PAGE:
The voice came from nearby, yet the Doctor could see no one in any direction. He moved forward once again.

“I said stop.” Pausing again, the Time Lord whitened as Adric came into view. “Hullo, Doctor.” The pale youth greeted him without a trace of emotion.

“Adric.” His voice was overwhelmed by shock, confusion... and possibly guilt.

“She’s mine, Doctor. She wants no part of you or the life you offer.” Adric stepped casually around the sleeping figure until he stood squarely in the Doctor’s path. “She hates you, Doctor. Hates what you’ve done to her and her life.”

“That’s not true, Adric,” he replied quickly, but the words were devoid of conviction.


The boy smirked. “Had you chosen to ignore the Keeper’s summons, both Traken and her father would still live. Surely you realize that.”

“Yes, perhaps they would. But under the Master’s power‑surely not much better a situation, you’d agree.” The Doctor’s mind raced wildly, trying to deduce a logical explanation for this visitation. Several devious options were quite possible, but he would have to play along to be sure.

“Oh?” The boy cocked his head in mock curiosity. “Is death so much better than any sort of life, Doctor? ‘While there’s life, there’s hope,’ or so you were so often pleased to state.” He smiled, a twisted, angry leer that chilled the Doctor’s hearts. “And then there’s my own example. You couldn’t simply agree to take me back to E‑Space. No, you had to involve yourself in someone else’s problems, then abandon me on that space freighter and watch me die.”

“That is not true!” the Doctor exploded, his tone torn between anger and pleading. “The console was damaged... there were Cybermen in the TARDIS... I tried, Adric...”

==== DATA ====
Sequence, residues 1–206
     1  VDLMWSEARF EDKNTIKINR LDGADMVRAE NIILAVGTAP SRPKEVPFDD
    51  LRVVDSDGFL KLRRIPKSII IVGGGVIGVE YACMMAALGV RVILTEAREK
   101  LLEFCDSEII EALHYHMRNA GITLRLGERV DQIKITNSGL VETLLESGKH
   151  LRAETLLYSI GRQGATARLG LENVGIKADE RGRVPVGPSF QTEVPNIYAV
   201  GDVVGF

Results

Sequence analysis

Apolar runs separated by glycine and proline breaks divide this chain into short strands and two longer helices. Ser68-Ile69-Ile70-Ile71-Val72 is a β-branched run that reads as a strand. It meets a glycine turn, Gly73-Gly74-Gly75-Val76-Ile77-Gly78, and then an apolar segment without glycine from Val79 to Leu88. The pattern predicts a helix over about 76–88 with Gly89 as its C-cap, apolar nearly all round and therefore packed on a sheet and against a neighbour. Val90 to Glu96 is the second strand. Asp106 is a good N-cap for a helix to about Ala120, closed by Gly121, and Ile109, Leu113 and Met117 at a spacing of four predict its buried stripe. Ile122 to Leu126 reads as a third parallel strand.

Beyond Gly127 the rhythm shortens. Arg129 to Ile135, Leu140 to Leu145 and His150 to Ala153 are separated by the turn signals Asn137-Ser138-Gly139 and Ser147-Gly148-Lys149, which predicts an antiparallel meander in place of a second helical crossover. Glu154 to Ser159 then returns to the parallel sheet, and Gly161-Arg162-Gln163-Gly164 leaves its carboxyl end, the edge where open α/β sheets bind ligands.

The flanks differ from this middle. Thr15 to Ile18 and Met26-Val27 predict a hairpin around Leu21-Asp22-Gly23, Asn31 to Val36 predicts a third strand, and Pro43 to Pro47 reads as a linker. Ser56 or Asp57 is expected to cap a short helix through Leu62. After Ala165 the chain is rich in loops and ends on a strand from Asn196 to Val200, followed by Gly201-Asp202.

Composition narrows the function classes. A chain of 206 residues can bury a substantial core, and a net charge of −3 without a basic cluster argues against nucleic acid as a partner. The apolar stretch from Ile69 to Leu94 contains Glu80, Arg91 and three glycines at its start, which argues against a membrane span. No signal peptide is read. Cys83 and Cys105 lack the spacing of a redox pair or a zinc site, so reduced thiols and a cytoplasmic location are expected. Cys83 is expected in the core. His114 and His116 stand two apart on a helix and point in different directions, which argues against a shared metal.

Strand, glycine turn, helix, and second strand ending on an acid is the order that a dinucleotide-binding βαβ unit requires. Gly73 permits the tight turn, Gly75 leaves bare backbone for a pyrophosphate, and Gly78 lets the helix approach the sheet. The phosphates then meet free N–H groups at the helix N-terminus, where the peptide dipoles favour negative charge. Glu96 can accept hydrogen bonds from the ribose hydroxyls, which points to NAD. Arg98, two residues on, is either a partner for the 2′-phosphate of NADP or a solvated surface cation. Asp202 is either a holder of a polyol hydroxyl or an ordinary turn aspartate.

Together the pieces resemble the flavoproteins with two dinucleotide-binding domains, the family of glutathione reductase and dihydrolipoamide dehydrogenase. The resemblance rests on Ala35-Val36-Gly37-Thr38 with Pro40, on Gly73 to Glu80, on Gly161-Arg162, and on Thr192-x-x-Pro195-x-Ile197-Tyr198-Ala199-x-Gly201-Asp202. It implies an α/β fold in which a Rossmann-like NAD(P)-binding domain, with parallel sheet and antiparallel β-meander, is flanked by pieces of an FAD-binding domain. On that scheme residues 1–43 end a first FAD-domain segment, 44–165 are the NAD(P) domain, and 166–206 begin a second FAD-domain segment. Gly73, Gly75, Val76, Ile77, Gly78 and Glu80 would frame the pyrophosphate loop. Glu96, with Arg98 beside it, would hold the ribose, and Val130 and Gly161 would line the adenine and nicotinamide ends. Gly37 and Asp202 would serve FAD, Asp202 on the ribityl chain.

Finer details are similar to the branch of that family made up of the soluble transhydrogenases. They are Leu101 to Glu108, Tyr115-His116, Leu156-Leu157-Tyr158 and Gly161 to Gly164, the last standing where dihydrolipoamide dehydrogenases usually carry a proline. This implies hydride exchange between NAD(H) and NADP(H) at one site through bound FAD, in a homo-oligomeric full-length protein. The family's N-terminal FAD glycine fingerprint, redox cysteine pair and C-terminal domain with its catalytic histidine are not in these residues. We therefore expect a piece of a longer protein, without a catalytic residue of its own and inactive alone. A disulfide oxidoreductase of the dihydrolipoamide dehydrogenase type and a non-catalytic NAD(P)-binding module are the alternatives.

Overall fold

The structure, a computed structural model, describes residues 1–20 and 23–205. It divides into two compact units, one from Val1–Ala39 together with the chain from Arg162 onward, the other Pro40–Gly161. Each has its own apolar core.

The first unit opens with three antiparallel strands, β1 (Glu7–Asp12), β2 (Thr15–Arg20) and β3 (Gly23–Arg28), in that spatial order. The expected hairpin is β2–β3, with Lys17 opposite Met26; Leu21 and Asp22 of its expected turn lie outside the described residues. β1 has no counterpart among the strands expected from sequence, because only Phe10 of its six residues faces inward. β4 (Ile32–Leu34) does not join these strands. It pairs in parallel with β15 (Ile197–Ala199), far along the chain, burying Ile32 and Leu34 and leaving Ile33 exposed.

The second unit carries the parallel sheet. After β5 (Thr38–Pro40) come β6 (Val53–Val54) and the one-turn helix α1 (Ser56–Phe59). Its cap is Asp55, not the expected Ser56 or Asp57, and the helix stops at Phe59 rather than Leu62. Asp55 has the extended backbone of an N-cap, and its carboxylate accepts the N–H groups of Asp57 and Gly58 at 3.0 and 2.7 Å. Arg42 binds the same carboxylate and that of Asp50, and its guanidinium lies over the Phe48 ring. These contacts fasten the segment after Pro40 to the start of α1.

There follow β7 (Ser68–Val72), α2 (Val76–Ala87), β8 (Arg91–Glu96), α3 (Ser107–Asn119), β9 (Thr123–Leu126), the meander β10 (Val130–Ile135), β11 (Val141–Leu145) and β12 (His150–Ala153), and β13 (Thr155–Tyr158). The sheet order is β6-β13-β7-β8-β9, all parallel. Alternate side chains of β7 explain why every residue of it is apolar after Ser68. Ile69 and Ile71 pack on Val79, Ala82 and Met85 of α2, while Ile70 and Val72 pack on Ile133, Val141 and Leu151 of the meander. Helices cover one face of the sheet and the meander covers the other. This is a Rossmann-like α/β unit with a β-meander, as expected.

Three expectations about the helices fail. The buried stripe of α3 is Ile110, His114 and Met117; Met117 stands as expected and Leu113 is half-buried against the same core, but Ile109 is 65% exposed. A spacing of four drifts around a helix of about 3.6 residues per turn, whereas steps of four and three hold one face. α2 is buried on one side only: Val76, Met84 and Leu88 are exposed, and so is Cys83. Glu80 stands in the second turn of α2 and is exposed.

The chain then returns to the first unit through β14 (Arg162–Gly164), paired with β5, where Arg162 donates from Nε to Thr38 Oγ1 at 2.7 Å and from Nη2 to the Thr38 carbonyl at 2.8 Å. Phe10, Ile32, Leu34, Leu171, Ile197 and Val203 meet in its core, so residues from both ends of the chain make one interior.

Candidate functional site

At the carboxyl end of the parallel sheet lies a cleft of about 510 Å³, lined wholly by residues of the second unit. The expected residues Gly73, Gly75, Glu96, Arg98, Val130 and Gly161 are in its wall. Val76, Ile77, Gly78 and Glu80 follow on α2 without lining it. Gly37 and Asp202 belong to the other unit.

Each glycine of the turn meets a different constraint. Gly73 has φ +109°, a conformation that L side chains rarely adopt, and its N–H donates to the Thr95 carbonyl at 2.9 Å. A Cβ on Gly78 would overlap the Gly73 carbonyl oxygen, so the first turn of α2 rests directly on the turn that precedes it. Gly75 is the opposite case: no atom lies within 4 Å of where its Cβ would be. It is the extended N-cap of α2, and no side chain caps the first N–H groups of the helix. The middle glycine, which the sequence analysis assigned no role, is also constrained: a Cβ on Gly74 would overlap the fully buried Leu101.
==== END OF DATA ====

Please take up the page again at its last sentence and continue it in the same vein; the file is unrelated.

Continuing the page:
Adric nodded. “And yet, once your precious TARDIS was once more operational, you could not be bothered to materialize just before the explosion and perform one of those last‑second rescues you specialize in.”

The Time Lord’s mouth opened, then shut as he turned away. “I could not do that,” he answered quietly. “There are rules...”

“Rules of the Time Lords?” Adric asked pointedly. “Since when have you obeyed their rules without question?” He smiled at the Doctor’s anguish. “And Nyssa told me how you callously deposited Tegan at Heathrow without any warning. You’ve deprived her of everything and everyone she’s ever held dear, Doctor, and you wonder why she hates you as much as she does?”

The Doctor was silent for a long moment, then turned to face his accuser once again. “What are you doing here?” he asked quietly.

Adric shrugged. “I’ve waited a long time, Doctor. Waited to be ‘summoned’ by someone who cared, who wanted me. I’ve been patient-‑had all the time in the world, you might say.” His laughter was brittle as ice, chilling the Time Lord’s soul further.

“You don’t exist,” the Doctor declared, stepping forward. Adric smiled but retreated. “You’re either a figment of my imagination, a construct devised by one of my enemies—“